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Making Media Connections Workshop


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Getting Started Workshop

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Making Media Connections Workshop

  1. Beth Kanter, Beth’s Blog Making Media Connections: Social Media Game Flickr Photo by Chris Brogan (read his blog)
  2. Take Aways / A basic understanding Resources for further exploration An idea or two for experimentation
  3. Agenda Overview Intro & Icebreaker Why? Adoption Issues Getting Started Break (around 2:30) Let’s Play the Game
  5. Two Minute Poll Experience with …
  6. David Wilcox
  8. Photo by Preetam Rai
  9. Let’s Create the Parking Lot Zkorb Flickr phot by zkrob
  10. Ice Breaker
  11. What is Web 2.0? Using the Internet to instantly collaborate, share information, and have a conversation about ideas we care about.
  12. Why Important ….
  14. How people are getting info to make decisions With my friends
  17. Impact on Google Results
  19. Why Important… <ul><li>The Trust factor </li></ul><ul><li>Socializing online to get information to make decisions </li></ul><ul><li>Rapid Word of Mouth </li></ul><ul><li>Impact on Google results </li></ul><ul><li>Source for main stream media </li></ul><ul><li>Digital natives </li></ul>
  20. The Cute Dog Theory
  22. Assess Audience Online Social Activities
  24. Where on the social web will I find my audience? How do they use the social web? What are they talking about? Who are they? What do they want?
  26. Discuss/set objectives first
  27. Not a monologue
  28. Listening
  29. Conversation
  30. Even difficult ones …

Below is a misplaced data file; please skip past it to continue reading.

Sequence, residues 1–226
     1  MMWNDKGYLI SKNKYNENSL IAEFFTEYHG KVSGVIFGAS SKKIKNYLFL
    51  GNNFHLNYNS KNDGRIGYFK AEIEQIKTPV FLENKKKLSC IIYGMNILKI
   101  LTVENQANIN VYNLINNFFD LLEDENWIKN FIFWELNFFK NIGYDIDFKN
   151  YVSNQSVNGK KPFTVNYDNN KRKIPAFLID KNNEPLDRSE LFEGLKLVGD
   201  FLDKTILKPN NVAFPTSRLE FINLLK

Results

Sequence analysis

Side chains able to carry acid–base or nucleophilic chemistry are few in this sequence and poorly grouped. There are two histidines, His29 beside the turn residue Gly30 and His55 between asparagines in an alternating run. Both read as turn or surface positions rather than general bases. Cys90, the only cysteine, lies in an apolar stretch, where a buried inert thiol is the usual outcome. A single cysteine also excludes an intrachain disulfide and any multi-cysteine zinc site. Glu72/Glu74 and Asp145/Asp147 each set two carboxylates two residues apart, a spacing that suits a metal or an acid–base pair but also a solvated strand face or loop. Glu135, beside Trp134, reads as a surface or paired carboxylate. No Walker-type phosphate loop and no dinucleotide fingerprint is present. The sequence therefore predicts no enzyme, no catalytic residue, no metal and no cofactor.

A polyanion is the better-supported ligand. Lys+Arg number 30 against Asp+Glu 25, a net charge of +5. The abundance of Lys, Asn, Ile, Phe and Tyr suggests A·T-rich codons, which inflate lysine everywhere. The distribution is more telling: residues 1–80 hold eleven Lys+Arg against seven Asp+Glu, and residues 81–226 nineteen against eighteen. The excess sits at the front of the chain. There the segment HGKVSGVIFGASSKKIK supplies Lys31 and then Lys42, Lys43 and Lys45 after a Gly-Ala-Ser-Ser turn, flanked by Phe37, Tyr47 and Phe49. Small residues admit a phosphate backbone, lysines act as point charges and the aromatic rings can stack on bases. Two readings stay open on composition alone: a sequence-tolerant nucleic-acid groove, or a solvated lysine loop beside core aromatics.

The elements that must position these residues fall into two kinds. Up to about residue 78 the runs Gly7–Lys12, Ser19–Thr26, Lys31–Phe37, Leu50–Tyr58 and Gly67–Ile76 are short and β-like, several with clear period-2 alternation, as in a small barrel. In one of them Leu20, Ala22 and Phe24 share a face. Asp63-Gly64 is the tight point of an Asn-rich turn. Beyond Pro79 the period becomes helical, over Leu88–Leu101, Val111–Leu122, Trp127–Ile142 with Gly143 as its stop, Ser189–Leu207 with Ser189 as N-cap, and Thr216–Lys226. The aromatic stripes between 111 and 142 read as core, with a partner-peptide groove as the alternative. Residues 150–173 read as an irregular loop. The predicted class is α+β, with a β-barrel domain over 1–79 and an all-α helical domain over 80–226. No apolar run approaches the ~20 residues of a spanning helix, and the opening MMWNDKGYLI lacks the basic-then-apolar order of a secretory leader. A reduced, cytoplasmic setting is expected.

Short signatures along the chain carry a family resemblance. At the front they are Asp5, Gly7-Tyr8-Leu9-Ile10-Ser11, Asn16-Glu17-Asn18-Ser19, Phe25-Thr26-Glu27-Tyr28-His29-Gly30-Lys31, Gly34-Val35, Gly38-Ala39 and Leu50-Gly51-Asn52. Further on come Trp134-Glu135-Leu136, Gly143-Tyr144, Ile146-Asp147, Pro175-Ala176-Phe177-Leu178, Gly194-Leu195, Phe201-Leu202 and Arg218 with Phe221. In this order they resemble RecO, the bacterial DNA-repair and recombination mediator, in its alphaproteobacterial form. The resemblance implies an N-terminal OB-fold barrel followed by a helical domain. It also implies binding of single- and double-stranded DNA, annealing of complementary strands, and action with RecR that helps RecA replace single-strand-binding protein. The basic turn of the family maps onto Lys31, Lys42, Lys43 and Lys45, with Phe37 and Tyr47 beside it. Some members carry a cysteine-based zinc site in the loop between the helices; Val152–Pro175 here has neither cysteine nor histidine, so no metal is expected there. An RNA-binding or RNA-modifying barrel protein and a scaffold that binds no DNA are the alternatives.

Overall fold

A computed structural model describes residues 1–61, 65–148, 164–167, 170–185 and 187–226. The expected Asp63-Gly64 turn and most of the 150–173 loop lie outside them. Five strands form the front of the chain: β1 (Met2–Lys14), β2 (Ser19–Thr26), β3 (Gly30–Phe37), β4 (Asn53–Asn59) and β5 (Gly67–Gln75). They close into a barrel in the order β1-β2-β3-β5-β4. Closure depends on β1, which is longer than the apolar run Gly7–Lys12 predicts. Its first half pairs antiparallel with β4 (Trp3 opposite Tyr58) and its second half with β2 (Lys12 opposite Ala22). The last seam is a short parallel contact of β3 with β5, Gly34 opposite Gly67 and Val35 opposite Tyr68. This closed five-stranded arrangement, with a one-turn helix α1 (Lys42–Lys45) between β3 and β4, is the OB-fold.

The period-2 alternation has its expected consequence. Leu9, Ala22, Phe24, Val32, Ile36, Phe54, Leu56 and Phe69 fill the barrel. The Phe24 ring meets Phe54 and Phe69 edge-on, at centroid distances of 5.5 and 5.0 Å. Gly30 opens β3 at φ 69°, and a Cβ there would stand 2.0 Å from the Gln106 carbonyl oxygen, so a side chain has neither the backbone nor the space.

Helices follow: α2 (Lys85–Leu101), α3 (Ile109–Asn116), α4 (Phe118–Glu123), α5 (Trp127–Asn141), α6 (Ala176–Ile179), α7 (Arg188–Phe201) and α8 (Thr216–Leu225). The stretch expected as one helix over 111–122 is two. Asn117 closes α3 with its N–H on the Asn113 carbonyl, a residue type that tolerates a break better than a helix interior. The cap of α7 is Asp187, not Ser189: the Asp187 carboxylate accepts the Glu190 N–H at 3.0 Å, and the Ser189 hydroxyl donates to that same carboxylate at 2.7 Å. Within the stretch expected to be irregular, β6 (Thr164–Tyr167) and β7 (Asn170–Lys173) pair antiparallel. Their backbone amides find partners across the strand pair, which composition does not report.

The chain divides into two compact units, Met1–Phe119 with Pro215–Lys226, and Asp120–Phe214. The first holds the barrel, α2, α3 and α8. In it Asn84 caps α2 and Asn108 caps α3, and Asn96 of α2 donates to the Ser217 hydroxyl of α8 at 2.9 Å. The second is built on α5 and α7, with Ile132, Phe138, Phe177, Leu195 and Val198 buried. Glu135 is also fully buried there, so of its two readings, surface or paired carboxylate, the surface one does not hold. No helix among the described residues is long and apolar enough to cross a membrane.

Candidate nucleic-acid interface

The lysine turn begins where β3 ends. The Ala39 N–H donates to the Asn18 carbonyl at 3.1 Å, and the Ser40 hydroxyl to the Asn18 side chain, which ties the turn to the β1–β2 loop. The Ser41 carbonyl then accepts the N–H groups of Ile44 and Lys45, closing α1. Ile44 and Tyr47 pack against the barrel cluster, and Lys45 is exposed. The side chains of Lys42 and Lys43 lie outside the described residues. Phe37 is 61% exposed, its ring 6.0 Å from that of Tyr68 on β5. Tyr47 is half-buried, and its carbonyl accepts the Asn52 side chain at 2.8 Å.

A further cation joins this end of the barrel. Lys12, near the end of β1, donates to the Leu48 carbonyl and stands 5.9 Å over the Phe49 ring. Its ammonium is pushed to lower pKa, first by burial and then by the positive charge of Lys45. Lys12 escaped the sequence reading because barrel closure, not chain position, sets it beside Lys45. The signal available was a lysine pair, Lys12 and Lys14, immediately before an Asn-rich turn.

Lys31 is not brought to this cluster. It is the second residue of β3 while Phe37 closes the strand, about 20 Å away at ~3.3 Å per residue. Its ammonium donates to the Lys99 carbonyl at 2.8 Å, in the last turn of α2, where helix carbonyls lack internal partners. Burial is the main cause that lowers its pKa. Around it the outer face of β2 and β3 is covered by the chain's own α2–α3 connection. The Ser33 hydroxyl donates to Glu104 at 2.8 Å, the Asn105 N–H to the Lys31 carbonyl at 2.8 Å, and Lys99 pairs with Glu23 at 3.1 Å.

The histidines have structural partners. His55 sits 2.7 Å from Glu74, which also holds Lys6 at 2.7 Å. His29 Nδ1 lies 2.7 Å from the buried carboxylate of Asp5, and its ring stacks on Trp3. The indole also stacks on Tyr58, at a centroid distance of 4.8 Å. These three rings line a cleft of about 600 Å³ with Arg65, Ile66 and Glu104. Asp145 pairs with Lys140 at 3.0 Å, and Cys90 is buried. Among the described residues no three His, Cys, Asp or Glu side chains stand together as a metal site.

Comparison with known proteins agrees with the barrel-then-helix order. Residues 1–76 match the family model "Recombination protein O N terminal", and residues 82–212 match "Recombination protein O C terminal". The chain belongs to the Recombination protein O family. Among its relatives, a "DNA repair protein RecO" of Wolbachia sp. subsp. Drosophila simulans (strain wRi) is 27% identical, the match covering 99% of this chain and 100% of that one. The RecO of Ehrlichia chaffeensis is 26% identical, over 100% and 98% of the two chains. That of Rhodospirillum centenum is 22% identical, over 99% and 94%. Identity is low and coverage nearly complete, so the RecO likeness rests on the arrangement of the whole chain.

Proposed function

31. The audience wants a voice
  34. Mixing Social Media with Communications and Fundraising Strategies afrochild_0
  36. “ Over 14,000 profile views in 3 weeks. 500 NEW signups to our email list from MySpace”
  37. Staff Roles
  38. “ I was a Facebook junkie before I was hired!”
  41. Define a box Define a Box
  43. Is this real work?
  46. It takes time
  47. Participant Content Creator Community Manager You get out what you put in … Source: Nina Simon, Museum2.0
  48. Start small, reiterate over and over
  49. <ul><li>Yes </li></ul><ul><li>Youtube Video Contest </li></ul><ul><li># of list members & video views // time spent = good </li></ul><ul><li>Our first UGC contest </li></ul><ul><li>Good, original content </li></ul><ul><li>Developed free TV PSA </li></ul><ul><li>Positive, active commenting on social networks </li></ul><ul><li>Caught attention of higher ups </li></ul><ul><li>Conveyed a powerful message to America </li></ul><ul><li>Microsoft Facebook Challenge </li></ul><ul><li>Payoff ($50k) // time spent = good </li></ul><ul><li>Recognition from contest win </li></ul><ul><li>Strong feedback and willingness from participants </li></ul><ul><li>New “Facebook responders” segment of email file </li></ul>Was it worth it? <ul><li>No </li></ul><ul><li>Wendy’s Flickr Photo Petition </li></ul><ul><li>Time spent // number of entries = bad </li></ul><ul><li>Numerous technical problems </li></ul><ul><li>Uploading process took too much time (email) </li></ul><ul><li>Campaign was too narrow </li></ul><ul><li>High volume of problem feedback </li></ul><ul><li>Case Foundation Facebook Challenge </li></ul><ul><li>Time spent // number of participants = bad </li></ul><ul><li>Raised $3k but no contest recognition </li></ul><ul><li>Wasted opportunity to message new Facebook responders </li></ul><ul><li>High volume of negative feedback – people didn’t understand </li></ul>However.. We learned from both campaigns!